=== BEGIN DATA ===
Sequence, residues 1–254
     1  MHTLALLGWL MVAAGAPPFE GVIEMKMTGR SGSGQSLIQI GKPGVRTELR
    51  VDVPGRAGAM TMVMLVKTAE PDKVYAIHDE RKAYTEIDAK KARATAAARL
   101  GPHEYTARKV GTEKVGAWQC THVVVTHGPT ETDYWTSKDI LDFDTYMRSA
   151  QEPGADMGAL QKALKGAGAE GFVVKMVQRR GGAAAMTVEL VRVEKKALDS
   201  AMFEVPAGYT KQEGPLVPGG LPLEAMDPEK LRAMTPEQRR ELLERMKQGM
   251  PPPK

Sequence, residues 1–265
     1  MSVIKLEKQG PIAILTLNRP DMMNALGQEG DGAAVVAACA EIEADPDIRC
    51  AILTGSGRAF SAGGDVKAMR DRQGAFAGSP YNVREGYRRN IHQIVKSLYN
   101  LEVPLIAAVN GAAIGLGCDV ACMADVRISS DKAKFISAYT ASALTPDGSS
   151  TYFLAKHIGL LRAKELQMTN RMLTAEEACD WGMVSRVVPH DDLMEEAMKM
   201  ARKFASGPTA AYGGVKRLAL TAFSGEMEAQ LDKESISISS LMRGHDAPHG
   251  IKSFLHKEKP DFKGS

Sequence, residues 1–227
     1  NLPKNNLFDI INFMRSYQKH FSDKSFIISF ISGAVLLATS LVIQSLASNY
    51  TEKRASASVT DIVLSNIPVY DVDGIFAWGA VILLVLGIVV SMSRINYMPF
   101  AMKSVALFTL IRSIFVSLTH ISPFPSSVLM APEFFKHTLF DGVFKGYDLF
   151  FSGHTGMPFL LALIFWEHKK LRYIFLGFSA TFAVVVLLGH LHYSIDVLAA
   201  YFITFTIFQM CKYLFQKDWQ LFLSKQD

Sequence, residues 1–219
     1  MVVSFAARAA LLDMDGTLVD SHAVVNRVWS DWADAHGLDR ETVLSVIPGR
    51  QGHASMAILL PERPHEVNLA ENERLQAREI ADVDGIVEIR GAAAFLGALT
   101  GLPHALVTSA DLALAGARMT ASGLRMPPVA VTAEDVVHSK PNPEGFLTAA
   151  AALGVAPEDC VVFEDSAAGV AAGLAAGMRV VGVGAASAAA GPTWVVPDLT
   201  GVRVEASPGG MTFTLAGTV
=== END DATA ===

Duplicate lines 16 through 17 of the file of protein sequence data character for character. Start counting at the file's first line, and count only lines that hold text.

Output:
     1  NLPKNNLFDI INFMRSYQKH FSDKSFIISF ISGAVLLATS LVIQSLASNY
    51  TEKRASASVT DIVLSNIPVY DVDGIFAWGA VILLVLGIVV SMSRINYMPF